Rising to the Challenge of Saving our Planet

by Joshua Reichert

Published on Friday, February 13, 2003 by the Seattle Times

Scientists from around the world are in Seattle for the annual meeting of the American Association for the Advancement of Science. They arrive at a time when the Earth's natural systems are struggling to withstand the onslaught of human development, much of which has occurred within the past several generations.

Consider what is taking place in our oceans. In 1960, only 5 percent of marine fisheries were classified as overfished or fished to capacity. Today, that number is estimated at 70 percent.

Twenty-five percent of the world's shallow coral reefs are gone and estimates are that over the next half a century, we may lose as much as 70 percent of what remains. Runoff pollution from our farms and cities has left large areas of the ocean devoid of life, one in the Gulf of Mexico the size of New Jersey.

On land, deforestation, contamination of air and water and rapid loss of natural habitats have created a situation that imperils the survival of huge numbers of species from the smallest insects to some of the Earth's largest mammals. And global warming arguably the most dangerous problem of all threatens to upend all living systems, both marine and terrestrial.

Reversing these trends and preserving the natural world for the future may be the single greatest challenge we face today. The consequences of failure are not simply biological that there will be fewer species of life on Earth. There are enormous social and economic downsides linked to the collapse or disappearance of the many services nature provides not to mention the intangible aesthetic and spiritual ones.

Yet, we are not condemned to fail. We are capable of changing the trends, at least in some and perhaps much of the world. But to do this, a lot more people need to become involved in the struggle to save nature than are currently involved today.

More people need to view halting the destruction of the global environment as both a moral imperative and a fundamental act of national and global citizenship.

Conservation is not primarily a scientific challenge. Rather, it is a moral and a political one. This is not to say that we don't need a better understanding of the causes and consequences of many of the environmental problems we face. We certainly do. And some of it will inevitably help us to devise better solutions.

Our major problem, however, is not a lack of information. It is an unwillingness to act, to make the political decisions necessary to curtail the practices that have led us to the situation we are in today.

We know what is behind the major environmental problems facing the world. We have known about these problems for decades. Indeed, many of the disturbing trends that we have witnessed over the past 20 years were forecasted, rather accurately, in the late 1970s and 1980s.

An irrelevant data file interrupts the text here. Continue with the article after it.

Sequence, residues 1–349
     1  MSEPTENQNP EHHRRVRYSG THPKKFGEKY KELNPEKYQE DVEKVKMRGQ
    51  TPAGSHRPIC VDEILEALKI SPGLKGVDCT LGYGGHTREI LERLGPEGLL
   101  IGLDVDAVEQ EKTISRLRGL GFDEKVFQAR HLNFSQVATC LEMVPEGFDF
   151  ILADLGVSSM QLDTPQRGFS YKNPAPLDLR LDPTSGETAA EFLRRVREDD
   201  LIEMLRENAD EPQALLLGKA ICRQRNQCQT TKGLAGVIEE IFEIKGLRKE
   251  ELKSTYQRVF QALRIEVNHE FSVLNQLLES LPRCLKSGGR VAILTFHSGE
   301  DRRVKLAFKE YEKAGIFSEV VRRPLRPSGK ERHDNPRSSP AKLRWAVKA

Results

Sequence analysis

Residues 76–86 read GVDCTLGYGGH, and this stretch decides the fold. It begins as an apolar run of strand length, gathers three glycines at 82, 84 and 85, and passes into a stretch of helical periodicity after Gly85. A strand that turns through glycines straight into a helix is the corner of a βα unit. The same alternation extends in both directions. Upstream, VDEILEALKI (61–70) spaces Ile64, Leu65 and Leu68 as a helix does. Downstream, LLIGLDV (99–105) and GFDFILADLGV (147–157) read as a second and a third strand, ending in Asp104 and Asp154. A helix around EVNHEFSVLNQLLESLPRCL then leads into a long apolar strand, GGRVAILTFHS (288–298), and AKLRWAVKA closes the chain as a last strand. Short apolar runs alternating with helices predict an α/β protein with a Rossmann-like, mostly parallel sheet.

Not only do we still have these problems, they have predictably grown worse over time. Indeed, while the natural world has been unraveling at an unprecedented rate, we have been compiling better and more accurate information regarding its demise. As a result, we have a much clearer and even more alarming portrait than we did many years ago.

Year after year the science gets better, and the situation gets worse, leading one to the inescapable conclusion that science, even more and better science, will not save us.

This is not to undermine the importance of scientists. Indeed, we need the scientific community now more than ever before. But we need them to do more than simply meet their professional obligations as scientists. We need them to become engaged citizens. We need men and women who have specialized knowledge about many of the problems we face, and who are respected because of that specialized knowledge, to speak out publicly in ways they have oftentimes been reluctant to before.

This is not a new role for scientists. Rachel Carson led the public crusade against the continued use of DDT and other toxic chemicals. Sherwood Rowland and Mario Molina discovered that man-made chemicals, chlorofluorocarbons, were depleting the Earth's protective layer of stratospheric ozone. Herbert Needleman, a pediatrician and child psychiatrist, was instrumental in calling the public's attention to the hazards of lead.

These and many other scientific heroes were initially condemned by their peers and hounded mercilessly by industry. But their willingness to speak out has made an indelible mark on the world.

To all the scientists who assemble in Seattle this weekend, we need you both as good scientists and good citizens. Being one doesn't require you to give up on or compromise the other. There is no inherent contradiction between having a point of view and doing good science, particularly when the former is based on the latter. As Henry David Thoreau once said, "It is not enough to be busy; so are the ants. The question is: What are we busy about?"

Of one thing there is little doubt. If we don't get busier to save what remains of nature, we will ultimately lose what is left.

Joshua Reichert directs the environment program at The Pew Charitable Trusts, headquartered in Philadelphia and with an office in Washington, D.C.

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